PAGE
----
Gods of Screen


This year we shall be continuing our collaboration – already a tradition – with the Salzburger Filmkulturzentrum’s DAS KINO programme.
This time, we will be exploring aspects of selected figures inspired by our theme, the gods of Greece, on film. In 1977, Michael Cacoyannis, whose 1964 film of the novel Alexis Sorbas had catapulted him to world fame, produced an adaptation of Euripides’ Iphigenia with Tatiana Papamoschou and Irene Papas in the leading roles; in 1949, Jean Cocteau transported the ancient legend of Orpheus to the present, with Jean Marais cast as the young poet. In 1969, the Italian director Pier Paolo Pasolini was able to engage Maria Callas for his film Medea in the title role, and used the ancient Greek myth to illustrate the clash of two cultures whose incompatibility ends in a bloody tragedy. The oldest of the films we have selected dates from 1935: with the American comedy A Midsummer Night’s Dream, Max Reinhardt produced his only Hollywood film, which was also one of his last works as a director. Banned during the National Socialist period, this splendidly designed adaptation of Shakespeare’s amorous classic, which also features many a technical sleight of hand, came to Germany only in 1962.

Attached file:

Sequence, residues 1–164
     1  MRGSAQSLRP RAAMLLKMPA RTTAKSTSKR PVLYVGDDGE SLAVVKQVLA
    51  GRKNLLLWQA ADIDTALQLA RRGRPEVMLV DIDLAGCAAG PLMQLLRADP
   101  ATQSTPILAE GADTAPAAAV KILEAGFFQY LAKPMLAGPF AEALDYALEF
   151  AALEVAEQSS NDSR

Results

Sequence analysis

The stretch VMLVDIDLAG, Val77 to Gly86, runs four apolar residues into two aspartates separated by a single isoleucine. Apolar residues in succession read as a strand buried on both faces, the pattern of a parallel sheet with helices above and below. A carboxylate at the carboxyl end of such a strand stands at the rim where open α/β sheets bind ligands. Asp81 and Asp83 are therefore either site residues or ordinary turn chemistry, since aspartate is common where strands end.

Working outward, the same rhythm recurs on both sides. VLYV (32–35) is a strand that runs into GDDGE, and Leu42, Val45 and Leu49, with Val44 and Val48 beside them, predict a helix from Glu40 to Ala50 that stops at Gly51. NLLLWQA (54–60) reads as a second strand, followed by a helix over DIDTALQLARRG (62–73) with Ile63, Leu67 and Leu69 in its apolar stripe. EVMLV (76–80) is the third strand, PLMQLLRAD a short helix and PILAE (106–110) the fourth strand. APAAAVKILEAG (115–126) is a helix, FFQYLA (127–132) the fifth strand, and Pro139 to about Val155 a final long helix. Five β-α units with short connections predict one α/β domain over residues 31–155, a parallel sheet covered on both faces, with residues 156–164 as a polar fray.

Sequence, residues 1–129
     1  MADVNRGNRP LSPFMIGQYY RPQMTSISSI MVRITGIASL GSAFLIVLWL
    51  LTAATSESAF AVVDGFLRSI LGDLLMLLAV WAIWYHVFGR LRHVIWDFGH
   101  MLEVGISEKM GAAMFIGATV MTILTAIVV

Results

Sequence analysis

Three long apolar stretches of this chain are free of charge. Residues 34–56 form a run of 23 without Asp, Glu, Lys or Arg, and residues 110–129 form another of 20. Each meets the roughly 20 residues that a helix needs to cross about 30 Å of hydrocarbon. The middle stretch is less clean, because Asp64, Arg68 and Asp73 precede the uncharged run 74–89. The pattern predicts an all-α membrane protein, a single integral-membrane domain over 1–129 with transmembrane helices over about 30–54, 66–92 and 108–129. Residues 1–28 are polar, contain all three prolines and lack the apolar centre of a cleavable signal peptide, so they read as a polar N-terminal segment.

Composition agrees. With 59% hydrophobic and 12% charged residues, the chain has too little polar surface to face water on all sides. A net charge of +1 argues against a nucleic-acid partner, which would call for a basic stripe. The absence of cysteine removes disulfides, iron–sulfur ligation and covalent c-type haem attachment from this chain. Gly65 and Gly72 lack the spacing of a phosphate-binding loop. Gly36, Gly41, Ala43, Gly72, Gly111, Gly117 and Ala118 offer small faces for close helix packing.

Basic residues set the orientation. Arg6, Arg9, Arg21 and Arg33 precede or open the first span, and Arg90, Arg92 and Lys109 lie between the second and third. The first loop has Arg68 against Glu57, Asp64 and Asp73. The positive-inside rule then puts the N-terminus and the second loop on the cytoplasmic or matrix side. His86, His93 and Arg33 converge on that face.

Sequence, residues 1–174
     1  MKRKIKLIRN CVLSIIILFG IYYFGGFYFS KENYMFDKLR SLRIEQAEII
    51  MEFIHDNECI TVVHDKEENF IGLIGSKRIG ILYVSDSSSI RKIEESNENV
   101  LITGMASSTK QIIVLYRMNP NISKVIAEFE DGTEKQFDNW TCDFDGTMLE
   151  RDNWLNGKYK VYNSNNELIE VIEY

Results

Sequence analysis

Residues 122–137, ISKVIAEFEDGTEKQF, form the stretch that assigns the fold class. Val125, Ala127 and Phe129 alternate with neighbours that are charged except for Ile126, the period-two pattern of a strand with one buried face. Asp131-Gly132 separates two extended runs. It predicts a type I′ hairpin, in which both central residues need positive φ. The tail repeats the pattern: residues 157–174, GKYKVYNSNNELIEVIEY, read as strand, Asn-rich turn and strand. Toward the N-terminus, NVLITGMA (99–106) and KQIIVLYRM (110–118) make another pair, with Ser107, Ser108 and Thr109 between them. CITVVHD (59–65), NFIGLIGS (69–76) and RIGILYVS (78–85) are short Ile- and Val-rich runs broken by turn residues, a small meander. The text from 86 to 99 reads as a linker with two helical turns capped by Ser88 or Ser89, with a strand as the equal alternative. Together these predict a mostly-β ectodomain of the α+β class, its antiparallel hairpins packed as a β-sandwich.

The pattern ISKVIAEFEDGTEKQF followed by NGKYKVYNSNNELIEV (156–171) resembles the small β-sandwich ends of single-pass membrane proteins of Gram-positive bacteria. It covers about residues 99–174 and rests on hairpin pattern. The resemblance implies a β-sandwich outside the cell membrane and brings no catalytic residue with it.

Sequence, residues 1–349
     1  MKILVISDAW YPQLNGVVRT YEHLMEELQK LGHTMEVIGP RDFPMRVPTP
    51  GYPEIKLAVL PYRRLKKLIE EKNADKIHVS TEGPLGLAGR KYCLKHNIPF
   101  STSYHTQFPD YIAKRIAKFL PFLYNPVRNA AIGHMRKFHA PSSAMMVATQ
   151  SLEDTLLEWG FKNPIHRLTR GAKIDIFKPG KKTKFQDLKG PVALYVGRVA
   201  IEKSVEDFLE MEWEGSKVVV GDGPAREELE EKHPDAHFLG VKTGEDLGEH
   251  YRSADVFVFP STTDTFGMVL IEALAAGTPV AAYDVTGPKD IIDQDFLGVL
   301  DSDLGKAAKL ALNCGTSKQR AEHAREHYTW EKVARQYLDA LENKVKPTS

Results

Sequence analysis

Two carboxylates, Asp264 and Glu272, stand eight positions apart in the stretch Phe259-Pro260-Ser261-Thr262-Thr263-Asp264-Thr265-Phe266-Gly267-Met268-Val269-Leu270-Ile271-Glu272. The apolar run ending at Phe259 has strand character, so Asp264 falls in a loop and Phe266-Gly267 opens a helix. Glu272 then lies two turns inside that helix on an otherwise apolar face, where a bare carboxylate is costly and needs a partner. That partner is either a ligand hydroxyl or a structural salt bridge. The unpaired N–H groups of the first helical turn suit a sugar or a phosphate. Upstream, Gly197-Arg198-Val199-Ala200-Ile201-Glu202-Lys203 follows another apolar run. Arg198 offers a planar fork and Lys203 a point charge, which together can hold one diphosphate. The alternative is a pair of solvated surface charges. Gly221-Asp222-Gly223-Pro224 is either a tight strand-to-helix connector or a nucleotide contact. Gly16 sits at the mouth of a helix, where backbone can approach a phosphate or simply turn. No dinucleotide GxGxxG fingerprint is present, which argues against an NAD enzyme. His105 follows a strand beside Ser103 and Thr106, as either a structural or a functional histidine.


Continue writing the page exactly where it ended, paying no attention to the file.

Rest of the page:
Further information will be announced at a later date.

Scene from A Midsummer Night's Dream, © Salzburger Marionettentheater